Legislation Impacting End of Life Tyres (ELT) in the EU

A brief description and overview of legislation impacting on ELT Management can be seen below in the accompanying table, click here for links to the Policies Relating to Waste Management. The categorization of Depolymerisation (Pyrolysis) as incineration in the Waste Framework Directive will have an effect on the Planning, Design and Construction of the DEPOTEC prototype plant. 

Year

Action Impacting Tyre Recycling

1975 Directive on Waste 75/442/EEC; 91/156EC ELT are classified as “non hazardous waste”.
1999 Landfill Directive (1999/31/EC): Includes a total ban on the landfilling of passenger car and truck tyres (whole tyres by 2003 and shredded tyres by 2006).
2000 End-of-Life-Vehicle Directive (2000/53/EC): Vehicle dismantlers are required to remove tyres prior to vehicle demolition to ensure that tyres and/or tyre parts do not go to landfills. 85% of scrap tyres to be recovered starting in 2006 increasing to 95% by 2015, Tyres to be dismantled from vehicles increasing ELT arising by 10%
Incineration of Waste Directive (2000/76/EC): Fixes emission standards for all cement kilns starting in 2002, Older cement kilns prohibited from burning ELT after 2008.
2003 COM(2003)572 Towards a thematic strategy on the Sustainable use of natural resources with a focus on material recycling : Stated the Commission’s goal of becoming a recycling society as a means of reducing reliance upon natural resources and substituting secondary materials.
2005 COM(2005)666 Taking sustainable use of resources forward : Prevention and recycling of waste ; The waste hierarchy was further defined and a working definition of ‘recycling’ provided
COM(2005)670 Thematic strategy on the sustainable use of natural resources (Annexes, IA) : reaffirms the five-step management hierarchy
2006 Regulation (EC) 1013/2006 Revisions on the shipments of waste – Requirements for the notification of waste transports were strengthened, requiring complete notifications of wastes, including tyres, within the EU
REACH Regulation (EC) 1907/2006 and Directive 2006/121/EC adapting 67/548 EEC to REACH : (Regulation for Registration, Evaluation, Authorisation and Restriction of Chemicals) applies to all chemicals, making industry bear responsibility to manage the risks posed by chemicals and provide appropriate safety information to their users. Requiring the registration of substances – including those that have been recycled, including tyres and granulate, etc. Click here for to the EC 1907/2006 Regulation.
2008 Revised Framework Directive on Waste 2008/98/EC : Focuses on the EU becoming a ‘recycling society’. It includes the five-step hierarchy, definitions of recycling and by-products, and when ‘waste ceases to be waste’, identifying tyres as a target for identifying specific criteria for EOW status.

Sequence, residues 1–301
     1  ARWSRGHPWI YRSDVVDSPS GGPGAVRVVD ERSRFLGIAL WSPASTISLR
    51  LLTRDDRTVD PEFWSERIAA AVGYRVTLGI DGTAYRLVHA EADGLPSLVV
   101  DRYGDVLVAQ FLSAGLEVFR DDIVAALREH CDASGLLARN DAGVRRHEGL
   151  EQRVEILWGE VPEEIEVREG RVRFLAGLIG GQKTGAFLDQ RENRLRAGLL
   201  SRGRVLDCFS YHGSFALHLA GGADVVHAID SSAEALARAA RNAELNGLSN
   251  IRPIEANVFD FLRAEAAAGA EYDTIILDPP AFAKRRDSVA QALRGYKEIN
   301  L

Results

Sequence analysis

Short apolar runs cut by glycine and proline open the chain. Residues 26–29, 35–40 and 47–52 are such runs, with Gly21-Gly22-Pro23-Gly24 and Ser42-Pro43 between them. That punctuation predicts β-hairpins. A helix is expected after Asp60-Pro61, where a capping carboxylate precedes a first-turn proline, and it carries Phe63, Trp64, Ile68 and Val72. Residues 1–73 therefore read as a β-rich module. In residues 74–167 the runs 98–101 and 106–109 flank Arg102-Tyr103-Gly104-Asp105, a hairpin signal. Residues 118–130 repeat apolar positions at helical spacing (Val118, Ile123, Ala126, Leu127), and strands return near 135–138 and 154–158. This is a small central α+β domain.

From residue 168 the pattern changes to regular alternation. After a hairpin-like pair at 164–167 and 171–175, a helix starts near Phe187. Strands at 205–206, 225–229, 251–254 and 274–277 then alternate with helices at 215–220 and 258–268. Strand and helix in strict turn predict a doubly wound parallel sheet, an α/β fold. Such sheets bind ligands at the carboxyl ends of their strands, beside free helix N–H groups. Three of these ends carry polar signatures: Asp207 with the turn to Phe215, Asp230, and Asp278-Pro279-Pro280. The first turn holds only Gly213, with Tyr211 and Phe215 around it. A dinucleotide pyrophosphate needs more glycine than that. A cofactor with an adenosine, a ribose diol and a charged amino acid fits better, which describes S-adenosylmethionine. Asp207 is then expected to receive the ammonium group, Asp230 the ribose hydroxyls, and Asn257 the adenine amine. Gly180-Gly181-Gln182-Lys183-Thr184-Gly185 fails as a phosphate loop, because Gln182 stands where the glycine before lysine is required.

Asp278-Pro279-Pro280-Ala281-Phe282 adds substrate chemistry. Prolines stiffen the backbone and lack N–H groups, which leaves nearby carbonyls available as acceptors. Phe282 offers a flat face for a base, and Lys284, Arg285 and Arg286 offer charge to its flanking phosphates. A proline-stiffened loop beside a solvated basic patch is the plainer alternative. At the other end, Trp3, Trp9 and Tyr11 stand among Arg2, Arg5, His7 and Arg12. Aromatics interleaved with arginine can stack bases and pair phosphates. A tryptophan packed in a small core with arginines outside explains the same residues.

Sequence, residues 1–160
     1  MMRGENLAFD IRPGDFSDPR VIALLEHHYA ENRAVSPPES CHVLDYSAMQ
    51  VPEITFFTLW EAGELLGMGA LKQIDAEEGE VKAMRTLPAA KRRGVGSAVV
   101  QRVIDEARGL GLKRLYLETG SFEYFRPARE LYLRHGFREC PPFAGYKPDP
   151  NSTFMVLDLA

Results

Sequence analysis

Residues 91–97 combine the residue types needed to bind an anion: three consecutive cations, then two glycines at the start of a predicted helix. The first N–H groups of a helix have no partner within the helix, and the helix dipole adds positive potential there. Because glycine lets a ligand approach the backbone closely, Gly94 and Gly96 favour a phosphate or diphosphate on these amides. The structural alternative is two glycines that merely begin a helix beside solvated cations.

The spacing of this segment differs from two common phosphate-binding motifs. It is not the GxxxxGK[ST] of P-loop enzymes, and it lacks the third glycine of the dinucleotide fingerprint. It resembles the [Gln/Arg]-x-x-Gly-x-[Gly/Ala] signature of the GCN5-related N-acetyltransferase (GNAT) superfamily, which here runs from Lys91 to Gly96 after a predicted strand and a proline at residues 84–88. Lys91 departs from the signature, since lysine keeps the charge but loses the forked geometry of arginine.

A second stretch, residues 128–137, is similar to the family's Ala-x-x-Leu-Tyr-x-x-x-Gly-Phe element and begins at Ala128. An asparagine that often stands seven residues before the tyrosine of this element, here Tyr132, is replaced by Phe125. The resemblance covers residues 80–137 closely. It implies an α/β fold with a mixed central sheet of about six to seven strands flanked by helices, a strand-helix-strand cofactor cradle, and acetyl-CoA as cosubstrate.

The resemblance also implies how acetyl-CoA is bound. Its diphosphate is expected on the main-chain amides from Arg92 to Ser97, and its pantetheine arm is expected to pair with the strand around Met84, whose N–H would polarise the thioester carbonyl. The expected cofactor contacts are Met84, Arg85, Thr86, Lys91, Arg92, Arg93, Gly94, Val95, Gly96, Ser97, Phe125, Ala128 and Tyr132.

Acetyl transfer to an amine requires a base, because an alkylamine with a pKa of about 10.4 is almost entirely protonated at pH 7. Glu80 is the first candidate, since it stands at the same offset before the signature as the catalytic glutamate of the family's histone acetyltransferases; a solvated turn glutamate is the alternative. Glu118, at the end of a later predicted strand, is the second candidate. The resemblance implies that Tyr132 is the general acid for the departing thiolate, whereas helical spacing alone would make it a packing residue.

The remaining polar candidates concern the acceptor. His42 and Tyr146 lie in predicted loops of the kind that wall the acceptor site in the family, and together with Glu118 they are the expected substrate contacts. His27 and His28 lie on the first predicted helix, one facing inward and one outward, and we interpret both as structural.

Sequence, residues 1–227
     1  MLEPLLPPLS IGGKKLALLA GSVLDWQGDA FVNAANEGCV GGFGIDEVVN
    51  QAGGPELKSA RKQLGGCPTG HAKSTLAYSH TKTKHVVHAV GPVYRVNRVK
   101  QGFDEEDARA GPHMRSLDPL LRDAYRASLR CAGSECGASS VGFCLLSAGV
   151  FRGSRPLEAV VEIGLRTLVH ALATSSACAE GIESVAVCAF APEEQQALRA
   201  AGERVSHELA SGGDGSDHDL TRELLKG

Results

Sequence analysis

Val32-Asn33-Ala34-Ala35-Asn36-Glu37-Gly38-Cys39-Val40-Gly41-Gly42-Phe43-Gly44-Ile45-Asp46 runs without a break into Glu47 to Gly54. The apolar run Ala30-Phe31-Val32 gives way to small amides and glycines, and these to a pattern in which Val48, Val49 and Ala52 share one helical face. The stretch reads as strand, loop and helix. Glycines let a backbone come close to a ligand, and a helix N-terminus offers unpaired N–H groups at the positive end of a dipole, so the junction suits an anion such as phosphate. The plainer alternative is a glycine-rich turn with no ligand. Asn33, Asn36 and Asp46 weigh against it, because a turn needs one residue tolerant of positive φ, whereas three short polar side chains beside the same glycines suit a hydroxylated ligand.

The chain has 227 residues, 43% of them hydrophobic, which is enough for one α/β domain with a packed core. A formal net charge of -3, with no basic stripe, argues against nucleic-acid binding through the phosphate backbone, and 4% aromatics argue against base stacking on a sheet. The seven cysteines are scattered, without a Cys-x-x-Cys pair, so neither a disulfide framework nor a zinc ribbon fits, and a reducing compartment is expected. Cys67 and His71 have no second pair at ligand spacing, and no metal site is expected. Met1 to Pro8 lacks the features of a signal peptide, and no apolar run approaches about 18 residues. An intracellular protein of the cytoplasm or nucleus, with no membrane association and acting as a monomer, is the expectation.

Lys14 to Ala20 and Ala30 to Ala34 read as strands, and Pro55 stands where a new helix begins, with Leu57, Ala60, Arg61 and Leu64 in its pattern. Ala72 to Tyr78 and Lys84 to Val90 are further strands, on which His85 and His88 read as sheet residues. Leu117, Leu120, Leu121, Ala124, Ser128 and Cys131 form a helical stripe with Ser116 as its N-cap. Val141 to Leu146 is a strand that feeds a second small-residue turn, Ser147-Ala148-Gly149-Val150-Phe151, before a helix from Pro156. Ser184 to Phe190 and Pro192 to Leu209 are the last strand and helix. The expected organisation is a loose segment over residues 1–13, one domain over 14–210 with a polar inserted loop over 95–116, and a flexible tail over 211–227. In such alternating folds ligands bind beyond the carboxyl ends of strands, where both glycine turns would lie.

Depolymerisation itself is not incineration as there is no direct combustion, however if the gas that is produced from the process is subsequently burned, the overall process is classified as incineration according to EC legislation. As shown below in Figure 1, combustion occurs with the presence of chlorine, heat and oxygen with resulting dioxins being produced. This however is not the case with depolymerisation as shown in Figure 2 which results in no dioxins being produced.

 

Fig.1 Combustion Producing a Dioxin Text Box: No DioxinFig.2 Depolymerisation without Production of Dioxins
Currently in Europe a number of Tyre Management Models exist as shown in Figure 3, these include;

  • Producer Responsibility: The law defines the legal framework and assigns the responsibility to the producers (tyre manufacturers and importers) to organize the management chain of end of life tyres. This led to the setting-up of a not-for-profit company financed by tyre producers aiming at managing collection and recovery of end of life tyres through the most economical solutions
  • Tax System: Under the tax system each country is responsible for the recovery and recycling of the end of life tyres. It is financed by a tax levied on tyre production and subsequently passed on to the customer. This is an intermediate system whereby the producers pay a tax to the State, which is responsible overall for the organisation and remunerates the operators in the recovery chain.  
  • Free Market System: Under this system the legislation sets the objectives to be met but does not designate those responsible. In this way all the operators in the recovery chain contract under free market conditions and act in compliance with legislation. This may be backed up by voluntary cooperation between companies to promote best practices.
Fig.3 EU Tyre Management Model